A $3000 emotional harm reparation payment to a teenage girl a man had sex with was not "buying off" the victim, a Whangarei judge said as he sentenced the man to home detention.
Marco Gerard de Beer, 23, appeared for sentencing in Whangarei District Court after pleading guilty to a charge of sexual connection with a young person aged 12-16. Police withdrew a charge of rape against De Beer and Judge John McDonald sentenced him to seven months home detention after De Beer paid the girl $3000 in emotional harm reparation.
Judge McDonald said home detention was not an easy sentence and was appropriate in De Beer's case.
He said De Beer's offending had a marked impact on the girl's life and it was a valid sentencing principle that the offender pays something to the person offended against in emotional harm reparation. De Beer paid the girl $3000.
The police summary of facts said De Beer had sexual intercourse with the girl who was then aged 14 in 2012.
He initially denied having sexual connection with her, but later admitted the charge.
"Her acceptance of your emotional harm payment cannot in any way be seen as her being bought off ... it's never about buying off," Judge McDonald said.
Judge McDonald said a starting point for sentencing De Beer was two years and seven months' jail on the sexual connection charge.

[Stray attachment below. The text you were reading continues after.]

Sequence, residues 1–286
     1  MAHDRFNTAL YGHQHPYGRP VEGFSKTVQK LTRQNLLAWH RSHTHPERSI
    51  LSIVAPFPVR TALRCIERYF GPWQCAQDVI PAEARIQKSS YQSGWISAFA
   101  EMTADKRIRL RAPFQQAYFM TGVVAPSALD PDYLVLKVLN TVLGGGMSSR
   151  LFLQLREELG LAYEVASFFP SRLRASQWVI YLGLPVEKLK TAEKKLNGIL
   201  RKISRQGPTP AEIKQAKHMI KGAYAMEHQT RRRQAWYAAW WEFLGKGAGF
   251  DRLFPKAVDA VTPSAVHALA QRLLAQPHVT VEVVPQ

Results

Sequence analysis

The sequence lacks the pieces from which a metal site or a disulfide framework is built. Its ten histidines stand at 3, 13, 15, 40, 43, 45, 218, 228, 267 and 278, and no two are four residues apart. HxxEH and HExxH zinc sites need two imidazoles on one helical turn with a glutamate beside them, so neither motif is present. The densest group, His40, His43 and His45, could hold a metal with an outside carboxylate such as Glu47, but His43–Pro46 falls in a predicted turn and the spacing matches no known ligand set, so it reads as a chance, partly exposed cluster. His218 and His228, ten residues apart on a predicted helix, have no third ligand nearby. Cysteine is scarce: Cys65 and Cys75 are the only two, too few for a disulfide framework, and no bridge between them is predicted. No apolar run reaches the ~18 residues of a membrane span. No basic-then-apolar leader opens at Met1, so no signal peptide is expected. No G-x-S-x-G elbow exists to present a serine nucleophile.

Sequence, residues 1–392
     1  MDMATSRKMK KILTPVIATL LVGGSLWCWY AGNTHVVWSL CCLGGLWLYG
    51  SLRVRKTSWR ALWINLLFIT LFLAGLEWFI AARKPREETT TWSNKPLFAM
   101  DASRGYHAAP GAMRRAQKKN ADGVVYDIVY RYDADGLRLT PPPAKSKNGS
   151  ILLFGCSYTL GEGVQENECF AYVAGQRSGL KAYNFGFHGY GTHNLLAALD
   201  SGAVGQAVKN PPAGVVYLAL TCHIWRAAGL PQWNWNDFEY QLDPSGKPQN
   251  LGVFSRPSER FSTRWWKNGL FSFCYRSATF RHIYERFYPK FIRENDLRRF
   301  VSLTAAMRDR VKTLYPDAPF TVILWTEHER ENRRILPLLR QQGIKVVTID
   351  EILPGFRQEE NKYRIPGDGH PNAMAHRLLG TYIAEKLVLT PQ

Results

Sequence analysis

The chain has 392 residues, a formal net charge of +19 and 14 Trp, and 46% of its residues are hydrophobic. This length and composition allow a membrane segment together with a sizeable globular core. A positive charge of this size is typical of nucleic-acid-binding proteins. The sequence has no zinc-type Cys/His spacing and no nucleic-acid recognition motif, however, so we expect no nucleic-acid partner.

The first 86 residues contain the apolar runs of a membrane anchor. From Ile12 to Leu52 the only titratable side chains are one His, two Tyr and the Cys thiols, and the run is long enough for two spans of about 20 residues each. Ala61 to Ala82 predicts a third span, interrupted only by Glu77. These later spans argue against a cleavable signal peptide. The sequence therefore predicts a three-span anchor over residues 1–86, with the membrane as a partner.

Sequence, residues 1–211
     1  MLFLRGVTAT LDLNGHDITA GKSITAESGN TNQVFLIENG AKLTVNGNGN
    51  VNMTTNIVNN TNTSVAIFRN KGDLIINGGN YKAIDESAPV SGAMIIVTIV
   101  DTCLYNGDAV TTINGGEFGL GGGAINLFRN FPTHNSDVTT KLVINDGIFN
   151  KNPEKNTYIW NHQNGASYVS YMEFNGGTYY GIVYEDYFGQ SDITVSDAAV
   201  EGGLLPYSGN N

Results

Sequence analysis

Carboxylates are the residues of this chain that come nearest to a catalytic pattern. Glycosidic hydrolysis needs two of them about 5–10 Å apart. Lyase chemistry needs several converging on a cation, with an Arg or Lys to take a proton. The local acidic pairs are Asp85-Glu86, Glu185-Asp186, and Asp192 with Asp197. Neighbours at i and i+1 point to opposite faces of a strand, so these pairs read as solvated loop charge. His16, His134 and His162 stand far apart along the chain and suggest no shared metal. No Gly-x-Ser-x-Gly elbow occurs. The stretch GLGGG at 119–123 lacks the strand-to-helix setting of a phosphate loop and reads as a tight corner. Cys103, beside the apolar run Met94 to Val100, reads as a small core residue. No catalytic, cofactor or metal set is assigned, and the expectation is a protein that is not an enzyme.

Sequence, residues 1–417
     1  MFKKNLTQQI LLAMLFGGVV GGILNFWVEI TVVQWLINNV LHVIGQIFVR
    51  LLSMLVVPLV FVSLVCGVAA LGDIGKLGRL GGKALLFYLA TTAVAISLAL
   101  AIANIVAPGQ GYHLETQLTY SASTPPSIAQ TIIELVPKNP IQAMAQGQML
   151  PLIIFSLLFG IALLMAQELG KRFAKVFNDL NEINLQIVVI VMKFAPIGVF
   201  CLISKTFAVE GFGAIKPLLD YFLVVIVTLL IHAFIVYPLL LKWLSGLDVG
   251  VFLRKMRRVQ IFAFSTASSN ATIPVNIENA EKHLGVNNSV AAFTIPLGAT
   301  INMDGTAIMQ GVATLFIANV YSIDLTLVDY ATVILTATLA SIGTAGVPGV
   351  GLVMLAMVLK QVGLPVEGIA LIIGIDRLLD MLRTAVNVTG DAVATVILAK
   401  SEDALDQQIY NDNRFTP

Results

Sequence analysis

The judge then gave him discounts for mitigating factors, including 25 per cent for his early guilty plea, a further 5 per cent for his good character and a "final discount for the reparation that has been paid and accepted by the complainant".
That brought the end sentence to less than two years' jail, meaning the judge could convert the sentence to home detention.
Judge McDonald said the girl did not want to take part in restorative justice with De Beer and a pre-sentence report showed that De Beer was a low risk of reoffending and medium risk of harm.
He said home detention was not an easy sentence with the person on the sentence having to keep in regular contact with Probation Services.
Any breach would be treated seriously and could lead to the person being resentenced on the original charge.
"I'm sure you or your family don't want that," Judge McDonald said.
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